A global law firm has recently published a report on the increasing proclivity for US prosecutors to treat trade mis-invoicing and financial fraud as criminal offences.

According to lawyers from White & Case, this marks a shift from the traditional US practice of relying on only civil penalties against perpetrators of trade-based financial crime.

Criminalisation trend

The trend towards criminalisation of these offences arguably began in 2008, when contaminated goods entered the US in several high profile cases.

Since then, US Customs and Border Protection has been referring a growing number of cases to the US Department of Justice and Homeland Security Investigations for review, investigation, and, if appropriate, prosecution.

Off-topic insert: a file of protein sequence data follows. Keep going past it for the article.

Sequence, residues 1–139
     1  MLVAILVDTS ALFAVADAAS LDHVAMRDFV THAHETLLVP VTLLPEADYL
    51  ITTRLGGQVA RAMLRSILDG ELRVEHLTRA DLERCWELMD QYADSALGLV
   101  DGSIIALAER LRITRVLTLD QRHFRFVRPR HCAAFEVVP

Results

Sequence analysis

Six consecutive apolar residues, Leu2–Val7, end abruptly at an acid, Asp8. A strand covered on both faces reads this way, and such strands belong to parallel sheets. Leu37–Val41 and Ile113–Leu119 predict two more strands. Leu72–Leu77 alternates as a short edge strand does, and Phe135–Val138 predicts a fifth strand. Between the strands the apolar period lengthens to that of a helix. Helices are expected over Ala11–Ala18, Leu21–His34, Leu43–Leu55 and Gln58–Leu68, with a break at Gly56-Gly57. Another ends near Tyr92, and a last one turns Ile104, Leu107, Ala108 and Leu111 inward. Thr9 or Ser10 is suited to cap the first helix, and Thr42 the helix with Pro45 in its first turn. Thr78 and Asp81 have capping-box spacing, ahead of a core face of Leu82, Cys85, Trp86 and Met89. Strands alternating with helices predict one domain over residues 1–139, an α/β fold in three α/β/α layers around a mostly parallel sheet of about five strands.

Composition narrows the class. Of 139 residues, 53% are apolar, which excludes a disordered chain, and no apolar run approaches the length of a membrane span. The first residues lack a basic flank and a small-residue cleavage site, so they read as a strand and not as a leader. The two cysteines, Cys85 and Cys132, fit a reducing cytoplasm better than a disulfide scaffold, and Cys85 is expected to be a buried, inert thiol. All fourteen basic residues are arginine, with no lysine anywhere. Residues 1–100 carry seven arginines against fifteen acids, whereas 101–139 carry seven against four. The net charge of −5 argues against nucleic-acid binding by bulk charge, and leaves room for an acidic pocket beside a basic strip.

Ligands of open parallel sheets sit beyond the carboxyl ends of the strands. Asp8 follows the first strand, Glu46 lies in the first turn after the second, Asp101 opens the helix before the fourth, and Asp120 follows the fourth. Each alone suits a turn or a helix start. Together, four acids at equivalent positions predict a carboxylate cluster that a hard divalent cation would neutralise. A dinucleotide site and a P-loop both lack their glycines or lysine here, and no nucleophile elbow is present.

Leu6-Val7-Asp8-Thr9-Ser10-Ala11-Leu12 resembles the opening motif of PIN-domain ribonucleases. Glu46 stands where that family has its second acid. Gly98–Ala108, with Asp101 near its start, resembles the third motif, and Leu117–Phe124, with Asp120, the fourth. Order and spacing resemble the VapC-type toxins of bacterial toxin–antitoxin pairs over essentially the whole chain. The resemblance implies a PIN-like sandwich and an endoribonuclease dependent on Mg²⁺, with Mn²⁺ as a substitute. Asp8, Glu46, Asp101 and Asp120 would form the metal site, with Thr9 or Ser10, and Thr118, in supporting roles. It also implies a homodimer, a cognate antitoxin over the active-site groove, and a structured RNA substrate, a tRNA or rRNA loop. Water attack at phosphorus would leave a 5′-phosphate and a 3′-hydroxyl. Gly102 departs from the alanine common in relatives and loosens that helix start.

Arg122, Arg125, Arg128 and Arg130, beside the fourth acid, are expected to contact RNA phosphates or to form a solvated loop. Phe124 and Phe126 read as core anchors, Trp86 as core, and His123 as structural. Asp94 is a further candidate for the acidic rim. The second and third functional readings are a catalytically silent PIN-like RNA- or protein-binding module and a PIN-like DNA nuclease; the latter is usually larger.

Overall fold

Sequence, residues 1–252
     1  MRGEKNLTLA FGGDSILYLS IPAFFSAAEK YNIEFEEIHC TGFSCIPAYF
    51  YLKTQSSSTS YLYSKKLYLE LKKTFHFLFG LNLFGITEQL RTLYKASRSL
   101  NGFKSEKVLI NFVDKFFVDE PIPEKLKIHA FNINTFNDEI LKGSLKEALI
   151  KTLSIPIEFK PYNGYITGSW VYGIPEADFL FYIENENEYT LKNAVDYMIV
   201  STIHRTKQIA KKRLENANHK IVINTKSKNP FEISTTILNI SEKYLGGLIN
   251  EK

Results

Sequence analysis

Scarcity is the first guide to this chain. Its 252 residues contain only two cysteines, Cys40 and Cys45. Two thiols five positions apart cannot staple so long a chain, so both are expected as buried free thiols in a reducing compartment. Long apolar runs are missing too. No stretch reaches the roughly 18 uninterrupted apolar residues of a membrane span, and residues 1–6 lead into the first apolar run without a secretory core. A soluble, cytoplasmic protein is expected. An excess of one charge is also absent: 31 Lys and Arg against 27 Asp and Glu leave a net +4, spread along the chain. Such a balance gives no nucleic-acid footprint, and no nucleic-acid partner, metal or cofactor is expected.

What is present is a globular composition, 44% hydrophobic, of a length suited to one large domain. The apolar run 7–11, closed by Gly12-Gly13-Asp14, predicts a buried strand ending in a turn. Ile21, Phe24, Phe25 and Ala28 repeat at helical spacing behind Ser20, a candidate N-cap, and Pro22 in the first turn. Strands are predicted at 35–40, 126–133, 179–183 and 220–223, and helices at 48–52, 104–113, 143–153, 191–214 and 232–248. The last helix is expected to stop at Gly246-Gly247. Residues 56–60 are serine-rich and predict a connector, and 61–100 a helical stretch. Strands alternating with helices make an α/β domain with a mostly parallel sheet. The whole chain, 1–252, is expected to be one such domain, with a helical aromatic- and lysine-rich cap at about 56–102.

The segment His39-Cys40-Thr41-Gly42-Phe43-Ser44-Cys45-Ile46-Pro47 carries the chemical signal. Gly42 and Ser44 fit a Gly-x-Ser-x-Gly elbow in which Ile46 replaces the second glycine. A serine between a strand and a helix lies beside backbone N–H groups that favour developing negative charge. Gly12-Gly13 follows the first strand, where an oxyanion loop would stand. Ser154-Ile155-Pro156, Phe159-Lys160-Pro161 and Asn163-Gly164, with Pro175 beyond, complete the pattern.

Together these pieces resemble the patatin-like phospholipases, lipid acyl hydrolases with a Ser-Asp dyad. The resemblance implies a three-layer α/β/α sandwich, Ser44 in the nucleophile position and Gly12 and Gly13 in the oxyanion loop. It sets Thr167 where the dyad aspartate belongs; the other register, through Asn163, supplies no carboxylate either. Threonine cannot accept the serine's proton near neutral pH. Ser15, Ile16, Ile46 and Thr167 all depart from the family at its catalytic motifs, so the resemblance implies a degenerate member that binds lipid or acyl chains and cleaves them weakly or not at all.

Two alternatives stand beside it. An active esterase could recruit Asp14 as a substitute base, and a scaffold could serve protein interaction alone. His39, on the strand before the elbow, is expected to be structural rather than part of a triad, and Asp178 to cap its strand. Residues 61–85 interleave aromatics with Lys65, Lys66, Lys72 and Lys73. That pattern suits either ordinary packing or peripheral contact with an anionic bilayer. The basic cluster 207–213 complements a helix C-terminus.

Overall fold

Jail terms

The lawyers say that customs violations previously impacted only on a company’s finances.

Now they say companies and their executives increasingly face criminal investigations and felony charges carrying potential terms of imprisonment of up to 20 years, probation, supervised release and potential career ending reputational damage.

The full report entitled ‘And Up to Twenty Years in Prison: The Criminalisation of US Customs Violations’ can be found here.